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Proserpina

“I won’t permit this,” says Proserpina’s mother, who is scared and worried and upset and has nothing else to say.

“You can’t prevent it,” says Proserpina. They’re waiting at a train station: almost a year ago (only a year ago?) she arrived here for fall term. She remembers her steeled jaw, her buried fear.

“You’re my daughter–”

“You wanted me to take up with the Buchanans, to secure our future. Well, I have.”

“I wanted you to be safe!”

“None of us is safe,” says Proserpina, as Dacelo walks in with hope on his face, and his father follows with hunger.

Dacelo

Half a world and twelve hours away, another crank is turning on a reel of film, this one crisp and virginal.

“Speed,” says the nervous cameraman, “I think.”

“Cue!” shouts the director. Then: “Go!”

“Is that for me?” asks the chapped and holstered bushranger, squinting dawnward. His voice is squeaky, but his face is all stone and leather.

“Yes! I cued you!”

“But last time you said ‘start.'”

The director’s neck veins pop. “I’m sorry. What word would you like to settle on?”

“You could try ‘action,'” mumbles Dacelo, perched on an apple box in trousers too nice for this dust.

Proserpina

20th January

Miss Macnair:

aship again, with Father.

The appearance of wealth is at all times so bedamned
“criminal stock.”

All alike in their contempt.

belowdecks on these great filthy steamers: and though the company is cheerful

If I am to be Father’s apprentice, these lies, these manipulations
my cloak and hat.

How does anything new survive to be old, when the old is so wrought with hatred?

for all the gems in Africa;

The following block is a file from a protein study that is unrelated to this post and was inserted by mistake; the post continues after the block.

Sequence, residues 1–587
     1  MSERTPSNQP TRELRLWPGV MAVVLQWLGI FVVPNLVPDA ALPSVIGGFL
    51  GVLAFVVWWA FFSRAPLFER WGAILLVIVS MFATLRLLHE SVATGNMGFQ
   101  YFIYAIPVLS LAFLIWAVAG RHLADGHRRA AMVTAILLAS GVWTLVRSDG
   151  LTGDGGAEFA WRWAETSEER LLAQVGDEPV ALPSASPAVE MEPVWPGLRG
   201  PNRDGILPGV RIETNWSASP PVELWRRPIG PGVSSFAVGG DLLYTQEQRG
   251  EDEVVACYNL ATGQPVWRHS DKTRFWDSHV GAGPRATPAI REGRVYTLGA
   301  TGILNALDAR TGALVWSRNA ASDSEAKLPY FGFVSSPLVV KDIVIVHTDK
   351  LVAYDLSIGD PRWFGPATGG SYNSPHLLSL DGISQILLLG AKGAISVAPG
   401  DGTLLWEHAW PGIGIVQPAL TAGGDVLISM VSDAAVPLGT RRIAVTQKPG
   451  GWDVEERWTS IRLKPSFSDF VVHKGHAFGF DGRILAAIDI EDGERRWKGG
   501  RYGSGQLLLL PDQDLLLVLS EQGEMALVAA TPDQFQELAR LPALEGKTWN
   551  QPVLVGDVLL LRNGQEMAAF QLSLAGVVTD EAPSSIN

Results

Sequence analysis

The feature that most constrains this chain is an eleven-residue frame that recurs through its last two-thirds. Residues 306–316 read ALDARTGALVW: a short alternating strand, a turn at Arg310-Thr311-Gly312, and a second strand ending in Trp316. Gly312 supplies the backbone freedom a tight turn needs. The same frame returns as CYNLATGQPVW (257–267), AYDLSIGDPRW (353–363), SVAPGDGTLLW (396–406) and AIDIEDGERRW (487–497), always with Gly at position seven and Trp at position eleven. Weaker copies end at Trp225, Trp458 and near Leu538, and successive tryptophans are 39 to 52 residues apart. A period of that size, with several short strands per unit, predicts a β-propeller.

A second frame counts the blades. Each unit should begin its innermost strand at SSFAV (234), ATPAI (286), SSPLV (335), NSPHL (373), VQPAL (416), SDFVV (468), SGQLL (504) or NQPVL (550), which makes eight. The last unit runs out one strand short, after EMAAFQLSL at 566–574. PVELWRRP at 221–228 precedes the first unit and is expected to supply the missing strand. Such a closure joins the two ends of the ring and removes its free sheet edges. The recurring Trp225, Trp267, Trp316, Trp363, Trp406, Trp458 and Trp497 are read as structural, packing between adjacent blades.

confession

anything but honesty with you.

Since beginning this letter I have been sick four times. I suppose it is the sea.

Cordial,
Your servant,
D. Buchanan

Proserpina

Dacelo’s handwriting tilts as it advances, like a man on a drunken boat, until by the ragged right edge it’s nearly horizontal. It always starts again straight and tall on the next line, though. It speaks to Proserpina of an endlessly misplaced optimism.

He spells everything right but misplaces the ends of his adverbs; his stationery is scented, filched from a woman’s desk. Proserpina remembers the absence of his mother at their dinner together.

She folds the letter and slips it under the lining of the chest at the foot of her bunk. Very sincerely, he says in closing. Your servant.

Proserpina

Half of her suitor is a boy, ash-haired and soft-fingered, only a few years older than she is. Proserpina sees that he won’t enjoy this meeting and wonders why.

The other half is his father, whose hand, when Proserpina shakes it, feels hungry. But his eyes are warm.

“Proserpina,” says her mother, “this is Mister Buchanan! He’s an old friend of your father’s, a business associate from New South Wales.”

“That makes you very brave, Mister Buchanan,” says Proserpina.

“Odd choice of phrasing, gel,” says Buchanan, but he smiles. “This is my son Dacelo.”

“Oh,” says Proserpina, “that’s why.”

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